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I recently made the investment in the newly-printed four-volume set of Donald Knuth's The Art of Computer Programming. Like this poster, I probably do not have the time right now to read the entire set, with a full-time programming job, spending time with my girlfriend, doing housework, etc., though I have no doubt I would find it fascinating. Public transit is not available for my commute, and unless there is a "books-on-CD" version, consuming the material during my commute is probably out of the question.

After reading this review of Volume 4A, I realized that at least some of the information may be of great help in my thesis. Incidentally, the thesis is for my doctorate in music, which has been on the back burner for a little longer than I would like. It sounds like, from the reviewer's description, combinatorial algorithms could be of great help in solving the problem I am attempting to solve.

Am I going to need to read the first three volumes to understand the fourth? While I have no computer science degrees per se, I do have a reasonable amount of experience, and I have succeeded in graduate coursework in algorithms, compilers, and databases. Have any of you read some or all of Volume 4A? What background did you feel you had (or lacked) that helped (or would have helped) you understand the material?

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closed as primarily opinion-based by durron597, Thomas Owens May 18 at 13:32

Many good questions generate some degree of opinion based on expert experience, but answers to this question will tend to be almost entirely based on opinions, rather than facts, references, or specific expertise. If this question can be reworded to fit the rules in the help center, please edit the question.

...wait a minute... you mean you actually plan to read it? I thought those things were just for decorating bookshelves! :P –  FrustratedWithFormsDesigner Apr 15 '11 at 18:32
You had to go ahead and create a tag for Knuth ! –  Aditya P Apr 15 '11 at 18:47
@FrustratedWithFormsDesigner The new edition does look quite elegant on the bookshelf just above my office desk, I think. –  Andrew Apr 15 '11 at 18:51
@AdityaGameProgrammer I actually typed "knuth" when tagging the question, thinking for sure that had to be a tag. It wasn't, so I didn't add it. –  Andrew Apr 15 '11 at 18:51
@Andrew: It was me that created the tag. ;) I'm not sure how much rep you need to create new tags... –  FrustratedWithFormsDesigner Apr 15 '11 at 18:56

2 Answers 2

up vote 3 down vote accepted

Generally, you only need to read chapter 1 of volume 1 to understand the "MIX" programming language that's used. Without this, some of the algorithm explanation can be hard to follow.

The MIX machine (like all virtual machines) has quirks that are reflected in optimization decisions in the text.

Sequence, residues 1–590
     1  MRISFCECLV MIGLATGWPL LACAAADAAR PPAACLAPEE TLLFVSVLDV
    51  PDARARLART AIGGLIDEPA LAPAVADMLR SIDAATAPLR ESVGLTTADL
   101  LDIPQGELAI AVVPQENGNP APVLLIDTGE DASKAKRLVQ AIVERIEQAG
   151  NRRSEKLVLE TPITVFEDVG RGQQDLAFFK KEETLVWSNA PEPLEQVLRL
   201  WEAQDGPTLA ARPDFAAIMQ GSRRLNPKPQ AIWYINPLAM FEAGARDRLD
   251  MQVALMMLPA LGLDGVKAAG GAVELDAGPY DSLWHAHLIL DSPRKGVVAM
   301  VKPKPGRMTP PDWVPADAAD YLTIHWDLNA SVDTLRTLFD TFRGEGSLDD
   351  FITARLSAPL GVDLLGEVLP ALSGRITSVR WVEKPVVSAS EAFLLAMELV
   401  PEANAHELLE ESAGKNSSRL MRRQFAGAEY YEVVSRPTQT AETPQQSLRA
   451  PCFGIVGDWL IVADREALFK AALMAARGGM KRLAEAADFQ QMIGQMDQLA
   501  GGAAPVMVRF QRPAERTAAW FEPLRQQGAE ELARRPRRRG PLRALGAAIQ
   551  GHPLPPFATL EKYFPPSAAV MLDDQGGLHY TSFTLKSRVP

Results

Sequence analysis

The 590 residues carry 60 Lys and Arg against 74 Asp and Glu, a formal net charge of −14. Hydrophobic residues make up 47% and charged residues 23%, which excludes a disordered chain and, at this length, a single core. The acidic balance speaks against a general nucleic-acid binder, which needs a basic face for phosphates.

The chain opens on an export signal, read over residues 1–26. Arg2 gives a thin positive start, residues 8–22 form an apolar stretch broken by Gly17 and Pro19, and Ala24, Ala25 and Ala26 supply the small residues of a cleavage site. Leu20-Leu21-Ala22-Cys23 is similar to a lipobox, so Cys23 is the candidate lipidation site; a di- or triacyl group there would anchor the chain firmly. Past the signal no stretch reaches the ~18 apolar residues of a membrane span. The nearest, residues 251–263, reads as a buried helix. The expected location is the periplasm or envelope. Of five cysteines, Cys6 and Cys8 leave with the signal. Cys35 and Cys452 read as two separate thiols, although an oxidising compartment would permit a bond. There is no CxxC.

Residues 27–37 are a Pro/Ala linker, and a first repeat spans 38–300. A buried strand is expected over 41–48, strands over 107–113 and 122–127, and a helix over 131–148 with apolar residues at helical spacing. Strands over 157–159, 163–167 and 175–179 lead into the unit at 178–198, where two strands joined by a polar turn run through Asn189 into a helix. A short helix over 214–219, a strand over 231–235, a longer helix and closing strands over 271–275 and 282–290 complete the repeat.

Everything else is designed to either stand alone or have explicit references so you can track down the relevant material.

With an undergraduate degree in CS, I can work out the fine points of most of the algorithms and some (but not all) of the foundational mathematical exposition. The math is not tutorial in nature, it's reference material, so it often relies heavily on the references.

If you're not extending or building on the algorithms, you don't need all of the math.

However, for working out test cases, you will need some of it.

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It's MMIX now. Get with the 21st Century! Of course, since everything I program in the real world is x86 or x64, or maybe ARM sometime, MMIX is about as similar to the CPUs I use nowadays as MIX was back then. –  David Thornley Apr 15 '11 at 20:11
@David Thornley: I propose that a CPU be designed that directly supports MMIX opcodes and conforms to the specifications proposed in 1.3 to remedy this problem! –  greyfade Jun 6 '11 at 20:13
To understand MMIX, I'd suggest you to read Volume 1, fascicle 1. The link points to an old edition, but the differences to the latest editions are not very big. (For instance, the purpose of the rC register changed) –  FUZxxl Nov 6 '11 at 12:18

Knuth was trying to make the chapters relatively independent of each other, and succeeded to a large degree in the first three volumes (I haven't caught up on 4A yet). He put the necessary background in the first half of volume 1. You may already know most of this, but if you want to read the machine language stuff you'll need to read about the MMIX virtual computer he uses.

My advice would be to take a quick skim over Chapter 1, so you know more or less what's there, and then dive into 4A. You will find stuff difficult because, well, some of it is difficult. You will likely find other stuff difficult because you need something from Chapter 1, but you can then go and read about the specific stuff you need. You may not hit perfect comprehension that way, but you should pick up a lot of useful stuff.

I think TAOCP would be incredibly useless as a book on CD. It's too dense, and too reliant on diagrams. I've got Feynman's Lectures on CD, and some of the lectures are great and some I really need to see the blackboard, preferably without obscuring my view of the road. Also, there's that thing about Bose-Einstein statistics I missed due to that tricky merge. TAOCP would be worse.

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